Basic Image Segmentation

Image segmentation (aka semantic segmentation) is a method to classify/label each pixel in an image as belonging to a type of object, and instance segmentation takes this a step further to classify these segmented objects.

The following example shows a source image (left) with a round feature and a segmented image (right) identifying the pixels belonging to that feature:

Source image (left) and a segmentation image (right)

This tutorial describes how to perform image segmentation in PerceptiLabs using a UNet Component. It shows how to take the RGB_Magnetic_tiles example dataset included with PerceptiLabs, and modify the standard convolution model that PerceptiLabs generates with this dataset to be a U-Net based model.

Note: this tutorial assumes a basic working knowledge of PerceptiLabs. If you have not already done so, we recommend you first complete the Basic Image Recognition tutorial.

The RGB_Magnetic_tiles dataset consists of:

  • magnetic tile images and their corresponding target/expected segmentation image masks.

  • a data.csv file that maps the magnetic tile images to their respective image masks. Below is a partial example of what this CSV data looks like:

images masks
RGBMT_Fray/exp0_num_797.jpg RGBMT_Fray/exp0_num_797.png
RGBMT_Fray/exp1_num_135544.jpg RGBMT_Fray/exp1_num_135544.png
RGBMT_Fray/exp1_num_136254.jpg RGBMT_Fray/exp1_num_136254.png

Create a new Model

Follow the steps below to create a new model using PerceptiLabs' Data Wizard:

1) Click Create on the Model Hub screen to display the New Model popup.

2) Click Load .CSV on the New Model popup.

3) Select data.csv and click Confirm to load the CSV file into PerceptiLabs.

4) Set the images column to be an Input and the masks column to be a Target:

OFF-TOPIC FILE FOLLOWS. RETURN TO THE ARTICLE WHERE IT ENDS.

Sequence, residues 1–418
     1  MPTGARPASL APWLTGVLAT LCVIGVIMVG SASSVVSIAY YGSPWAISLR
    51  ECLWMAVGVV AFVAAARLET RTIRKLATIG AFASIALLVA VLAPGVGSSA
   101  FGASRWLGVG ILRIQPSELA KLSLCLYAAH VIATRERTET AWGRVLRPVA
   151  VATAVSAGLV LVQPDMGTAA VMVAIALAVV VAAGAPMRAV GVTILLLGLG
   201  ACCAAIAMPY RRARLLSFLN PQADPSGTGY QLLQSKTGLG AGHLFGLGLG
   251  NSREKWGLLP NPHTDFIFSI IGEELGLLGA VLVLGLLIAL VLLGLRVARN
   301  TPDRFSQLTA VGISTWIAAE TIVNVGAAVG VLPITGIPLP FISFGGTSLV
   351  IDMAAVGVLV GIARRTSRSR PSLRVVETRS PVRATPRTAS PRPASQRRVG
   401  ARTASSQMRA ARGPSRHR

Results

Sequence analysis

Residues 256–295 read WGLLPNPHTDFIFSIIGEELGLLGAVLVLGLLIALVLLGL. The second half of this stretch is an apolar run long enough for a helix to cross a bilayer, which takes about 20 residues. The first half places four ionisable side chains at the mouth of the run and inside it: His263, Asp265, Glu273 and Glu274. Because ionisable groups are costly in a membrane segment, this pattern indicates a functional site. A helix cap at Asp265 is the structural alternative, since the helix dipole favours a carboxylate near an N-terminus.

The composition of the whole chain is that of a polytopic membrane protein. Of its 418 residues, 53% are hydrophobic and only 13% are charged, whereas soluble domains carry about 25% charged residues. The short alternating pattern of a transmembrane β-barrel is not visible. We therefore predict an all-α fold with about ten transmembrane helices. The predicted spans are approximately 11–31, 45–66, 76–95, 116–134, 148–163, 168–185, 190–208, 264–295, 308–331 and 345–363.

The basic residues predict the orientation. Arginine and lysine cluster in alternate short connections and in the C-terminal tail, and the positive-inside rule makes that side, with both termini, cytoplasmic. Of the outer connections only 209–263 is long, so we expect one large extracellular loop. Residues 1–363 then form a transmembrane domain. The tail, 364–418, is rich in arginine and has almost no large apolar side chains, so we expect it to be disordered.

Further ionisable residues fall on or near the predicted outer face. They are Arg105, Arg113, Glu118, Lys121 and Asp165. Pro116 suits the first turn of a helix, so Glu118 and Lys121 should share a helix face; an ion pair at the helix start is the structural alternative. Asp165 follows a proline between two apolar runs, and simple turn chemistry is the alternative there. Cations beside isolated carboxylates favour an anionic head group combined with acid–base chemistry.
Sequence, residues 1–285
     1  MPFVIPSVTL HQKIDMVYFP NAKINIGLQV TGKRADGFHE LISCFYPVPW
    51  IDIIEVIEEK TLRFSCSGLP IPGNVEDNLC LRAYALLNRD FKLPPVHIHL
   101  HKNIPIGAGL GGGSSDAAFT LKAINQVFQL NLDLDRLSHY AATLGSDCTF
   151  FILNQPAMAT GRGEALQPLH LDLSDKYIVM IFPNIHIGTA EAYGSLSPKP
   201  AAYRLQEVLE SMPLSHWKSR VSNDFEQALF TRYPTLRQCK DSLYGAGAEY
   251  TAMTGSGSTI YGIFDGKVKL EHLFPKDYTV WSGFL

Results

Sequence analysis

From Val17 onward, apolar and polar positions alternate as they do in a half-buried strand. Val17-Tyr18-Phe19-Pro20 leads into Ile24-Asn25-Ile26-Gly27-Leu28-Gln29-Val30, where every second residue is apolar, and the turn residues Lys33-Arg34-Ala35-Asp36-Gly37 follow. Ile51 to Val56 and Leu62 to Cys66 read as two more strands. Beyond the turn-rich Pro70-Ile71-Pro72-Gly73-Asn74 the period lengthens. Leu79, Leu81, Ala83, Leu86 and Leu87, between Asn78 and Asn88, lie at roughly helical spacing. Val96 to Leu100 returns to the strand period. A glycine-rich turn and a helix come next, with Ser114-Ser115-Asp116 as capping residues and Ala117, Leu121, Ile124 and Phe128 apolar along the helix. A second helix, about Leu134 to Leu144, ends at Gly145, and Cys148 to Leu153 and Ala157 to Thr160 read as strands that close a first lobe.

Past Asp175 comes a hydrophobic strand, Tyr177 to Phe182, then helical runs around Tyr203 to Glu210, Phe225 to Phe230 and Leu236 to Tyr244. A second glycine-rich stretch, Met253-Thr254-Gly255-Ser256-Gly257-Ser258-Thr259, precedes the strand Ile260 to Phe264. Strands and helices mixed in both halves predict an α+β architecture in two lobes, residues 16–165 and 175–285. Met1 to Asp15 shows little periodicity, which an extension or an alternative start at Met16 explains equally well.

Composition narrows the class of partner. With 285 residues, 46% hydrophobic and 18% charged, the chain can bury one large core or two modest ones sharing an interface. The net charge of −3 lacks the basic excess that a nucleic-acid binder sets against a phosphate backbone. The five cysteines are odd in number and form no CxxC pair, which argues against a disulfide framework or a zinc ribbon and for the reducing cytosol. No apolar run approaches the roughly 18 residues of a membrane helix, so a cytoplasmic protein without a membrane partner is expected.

Setting the Input and Target columns

5) (Optional) Modify the Data partition settings.

6) Click the pre-processing settings button for the images column:

Location of the pre-processing settings button for the column

7) Enable Normalize on the popup (shown below) and set it to Min Max. Also enable resize and set it to Custom with a width and height of 128, and click Save. Repeat this for the masks column as well.

Th Min Max setting for Normalize guarantees that the mask will only contain only 0s and 1s, so that the input doesn't cause the model to get initial activations which are too high.

You also need to ensure the size of the input and target are divisible with 2^n where n≥#levels in the UNet (otherwise you get rounding errors). You could also try 224x224 which is a good size as 224 is divisible with up to and including five levels, and 224x224 is what pre-trained models such as the VGG need.

Tip: if you need to modify any of these data settings (e.g., column pre-processing settings) after the model has been created, you can access this popup at anytime by clicking on Data Settings in the Modeling Tool's toolbar.

8) Click Next.

9) (Optional) Modify the Training settings when the Training Settings popup appears.

10) Click Customize to close the Training Settings popup. This navigates to the Modeling Tool showing the convolution model generated by PerceptiLabs:

The model generated by PerceptiLabs

In the next section you will modify this convolution model to become a U-Net model for image segmentation.

Modify the Model to use a UNet Component

Follow the steps below to modify the generated model to become a U-Net model for image segmentation:

1) Highlight all of the Components in between (but not including) the Input and Target Components:

The model should now look as follows:

2) Drag and Drop the UNet component from the Deep Learning dropdown:

Location of the UNet Component in the Deep Learning dropdown

3) Connect the Components as follows.

Connections to make between components

Export the Trained Model

Now that the model is fully trained, you can export it as a TensorFlow model to use for inference. See Exporting for more information.